So with all of that in mind, let's talk about the objections to UBI. The first thing you'll hear is the very conservative idea about the "dignity of work" and how people will just sit at home and grow mold if they're just handed (a very modest amount of) money. This nonsense was already intrinsically rebutted during the debate about the ACA. How many times did we hear about how once people weren't tied to a shitty job because of their insurance needs that they would become entrepreneurs, start their own business, take on some risky career that they've always wanted to, stay home to give some much needed care to their kids/parents, spend more time doing charity work, etc.? The same argument can be made here. Freed from the burden of having to scrounge for a basic living, people will do what they want to do and will be inherently more productive and give much more back to society. Anyone who's been on the internet knows that people do this naturally: they code free software, they do research and update Wikipedia, they make free music, they make free web comics, they make free Youtube videos, they spend massive amounts of time working on comic book fan sites. The idea that we're all going to sit home and drool is counter to everything we know about people.

All of the other arguments about UBI can also be made about JG. Kelton says that the UBI amount would be subject to Congress where budget "hawks" would always be trying to lower it. But the same is true of the minimum wage for JG, and the generosity of the health insurance, AND the amount of funding for the bureaucracy and available jobs.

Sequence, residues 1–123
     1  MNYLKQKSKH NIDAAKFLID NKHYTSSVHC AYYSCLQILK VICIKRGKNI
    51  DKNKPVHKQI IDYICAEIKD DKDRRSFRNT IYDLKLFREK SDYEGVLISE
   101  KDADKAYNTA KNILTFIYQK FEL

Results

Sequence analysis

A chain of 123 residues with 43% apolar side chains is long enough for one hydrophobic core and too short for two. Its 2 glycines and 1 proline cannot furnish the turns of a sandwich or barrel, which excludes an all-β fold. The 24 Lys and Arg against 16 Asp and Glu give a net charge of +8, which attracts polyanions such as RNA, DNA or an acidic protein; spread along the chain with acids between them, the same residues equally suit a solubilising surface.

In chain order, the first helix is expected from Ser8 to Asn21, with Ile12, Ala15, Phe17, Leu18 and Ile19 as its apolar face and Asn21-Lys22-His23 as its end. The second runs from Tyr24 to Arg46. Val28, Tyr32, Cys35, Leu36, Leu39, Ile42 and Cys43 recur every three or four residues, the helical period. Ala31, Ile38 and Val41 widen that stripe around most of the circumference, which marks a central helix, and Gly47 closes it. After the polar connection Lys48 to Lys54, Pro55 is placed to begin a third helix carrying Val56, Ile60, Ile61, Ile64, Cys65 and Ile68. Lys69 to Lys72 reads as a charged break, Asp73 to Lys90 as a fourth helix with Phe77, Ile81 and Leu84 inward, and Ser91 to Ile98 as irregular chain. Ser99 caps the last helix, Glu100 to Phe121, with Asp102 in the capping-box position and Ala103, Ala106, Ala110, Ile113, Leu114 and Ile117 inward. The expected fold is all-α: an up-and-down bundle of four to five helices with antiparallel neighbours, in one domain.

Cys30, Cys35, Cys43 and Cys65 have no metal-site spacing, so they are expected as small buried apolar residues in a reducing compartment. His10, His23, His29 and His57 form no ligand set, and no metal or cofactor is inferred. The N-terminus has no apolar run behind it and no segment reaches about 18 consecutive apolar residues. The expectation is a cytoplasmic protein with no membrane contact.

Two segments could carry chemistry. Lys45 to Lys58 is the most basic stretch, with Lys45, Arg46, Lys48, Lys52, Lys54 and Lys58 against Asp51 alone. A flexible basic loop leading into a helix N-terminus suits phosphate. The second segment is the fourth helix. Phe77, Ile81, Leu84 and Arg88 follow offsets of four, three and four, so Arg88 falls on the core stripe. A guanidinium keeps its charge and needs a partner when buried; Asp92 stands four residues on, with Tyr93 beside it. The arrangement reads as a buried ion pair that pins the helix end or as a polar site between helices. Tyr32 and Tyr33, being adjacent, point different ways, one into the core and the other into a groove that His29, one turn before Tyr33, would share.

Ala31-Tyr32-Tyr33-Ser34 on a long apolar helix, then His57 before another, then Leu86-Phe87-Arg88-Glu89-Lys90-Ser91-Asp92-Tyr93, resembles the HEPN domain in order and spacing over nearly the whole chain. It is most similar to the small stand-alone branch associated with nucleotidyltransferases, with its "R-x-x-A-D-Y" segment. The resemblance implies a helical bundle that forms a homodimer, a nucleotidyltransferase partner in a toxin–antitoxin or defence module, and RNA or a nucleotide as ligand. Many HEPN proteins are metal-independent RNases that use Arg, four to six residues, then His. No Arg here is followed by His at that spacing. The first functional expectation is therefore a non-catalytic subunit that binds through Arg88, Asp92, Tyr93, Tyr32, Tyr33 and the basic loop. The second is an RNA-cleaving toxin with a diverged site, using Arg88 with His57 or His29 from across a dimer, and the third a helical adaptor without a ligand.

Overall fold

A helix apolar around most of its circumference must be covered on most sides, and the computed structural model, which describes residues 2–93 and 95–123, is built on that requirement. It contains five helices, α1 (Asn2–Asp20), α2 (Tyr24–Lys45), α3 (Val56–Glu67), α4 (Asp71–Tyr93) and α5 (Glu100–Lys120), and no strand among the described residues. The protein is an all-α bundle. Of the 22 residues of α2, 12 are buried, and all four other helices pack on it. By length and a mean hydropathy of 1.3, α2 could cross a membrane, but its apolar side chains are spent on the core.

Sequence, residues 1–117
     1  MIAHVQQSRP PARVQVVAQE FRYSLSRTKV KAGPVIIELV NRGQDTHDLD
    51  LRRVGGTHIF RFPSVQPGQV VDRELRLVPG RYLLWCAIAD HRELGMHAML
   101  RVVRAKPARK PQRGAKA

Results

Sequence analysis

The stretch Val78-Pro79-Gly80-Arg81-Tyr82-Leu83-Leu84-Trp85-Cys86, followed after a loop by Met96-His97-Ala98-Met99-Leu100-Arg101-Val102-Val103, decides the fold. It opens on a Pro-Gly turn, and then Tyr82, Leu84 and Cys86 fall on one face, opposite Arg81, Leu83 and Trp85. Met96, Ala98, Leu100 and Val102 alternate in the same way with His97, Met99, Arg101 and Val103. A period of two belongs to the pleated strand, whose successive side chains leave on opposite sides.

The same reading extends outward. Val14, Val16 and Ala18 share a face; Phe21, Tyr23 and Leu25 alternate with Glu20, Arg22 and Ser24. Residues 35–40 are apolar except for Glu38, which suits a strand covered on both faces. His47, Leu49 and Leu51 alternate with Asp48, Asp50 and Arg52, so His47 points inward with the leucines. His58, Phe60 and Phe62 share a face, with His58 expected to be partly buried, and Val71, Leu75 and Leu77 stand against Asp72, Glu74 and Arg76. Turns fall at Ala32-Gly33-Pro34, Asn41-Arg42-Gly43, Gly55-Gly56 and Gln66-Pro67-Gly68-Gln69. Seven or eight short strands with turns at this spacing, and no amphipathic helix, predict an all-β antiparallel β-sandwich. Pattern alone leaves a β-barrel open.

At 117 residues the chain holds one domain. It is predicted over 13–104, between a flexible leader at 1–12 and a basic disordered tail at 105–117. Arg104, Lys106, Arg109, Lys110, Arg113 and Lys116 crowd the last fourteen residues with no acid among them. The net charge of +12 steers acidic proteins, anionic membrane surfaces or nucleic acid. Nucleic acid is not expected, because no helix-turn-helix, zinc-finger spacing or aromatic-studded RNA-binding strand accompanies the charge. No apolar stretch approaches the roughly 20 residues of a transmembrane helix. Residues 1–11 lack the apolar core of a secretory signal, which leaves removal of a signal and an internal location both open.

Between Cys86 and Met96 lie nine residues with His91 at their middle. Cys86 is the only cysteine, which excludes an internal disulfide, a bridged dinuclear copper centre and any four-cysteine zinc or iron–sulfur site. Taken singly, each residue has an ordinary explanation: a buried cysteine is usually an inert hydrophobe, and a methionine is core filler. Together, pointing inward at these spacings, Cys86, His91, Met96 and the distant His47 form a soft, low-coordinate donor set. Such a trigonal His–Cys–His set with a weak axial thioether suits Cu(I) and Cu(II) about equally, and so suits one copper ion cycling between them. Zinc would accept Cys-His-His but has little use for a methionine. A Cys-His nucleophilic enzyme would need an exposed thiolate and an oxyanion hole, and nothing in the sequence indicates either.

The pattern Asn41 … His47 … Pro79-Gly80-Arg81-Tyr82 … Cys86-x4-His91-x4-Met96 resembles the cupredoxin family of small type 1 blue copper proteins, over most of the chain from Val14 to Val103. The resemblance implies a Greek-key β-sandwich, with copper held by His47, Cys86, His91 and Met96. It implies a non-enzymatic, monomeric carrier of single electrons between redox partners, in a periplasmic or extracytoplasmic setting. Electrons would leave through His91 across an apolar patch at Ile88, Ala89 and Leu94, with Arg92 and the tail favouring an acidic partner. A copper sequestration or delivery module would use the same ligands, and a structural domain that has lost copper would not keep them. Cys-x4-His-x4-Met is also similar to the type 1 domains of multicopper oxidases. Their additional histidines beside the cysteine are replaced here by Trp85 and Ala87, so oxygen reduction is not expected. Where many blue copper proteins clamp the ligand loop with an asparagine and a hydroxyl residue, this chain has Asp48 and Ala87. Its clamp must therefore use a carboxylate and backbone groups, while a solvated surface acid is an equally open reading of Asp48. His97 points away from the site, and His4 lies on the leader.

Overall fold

Another argument is that some people arguing for UBI (mostly the Zuckerberg types) are proposing it as a replacement for existing social programs, which would of course be awful. But no progressive is arguing for this kind of UBI (and i feel like Kelton was downright disingenuous in the video for not acknowledging that). And people make the same argument about JG - it could easily replace TANF, for example. And even the stealth ways that it addresses minimum wage and universal health care raise problems along these lines.

Kelton also says that a problem with UBI is that rich people will get the check as well as poor people. This is literally Hillary Clinton's "Why should we pay for Donald Trump's kids to go to public college?" argument. The answer, obvious to anyone, is that you get the money back by raising the top marginal tax rate. Kelton knows this and it's very disappointing to see her using that line.

The concerns about inflation are the same for both as well, and so is the response (there's so much slack in the economy that we're not even meeting the Fed's current inflation target let alone in danger of real inflation, and in any event the Fed can control inflation with interest rates).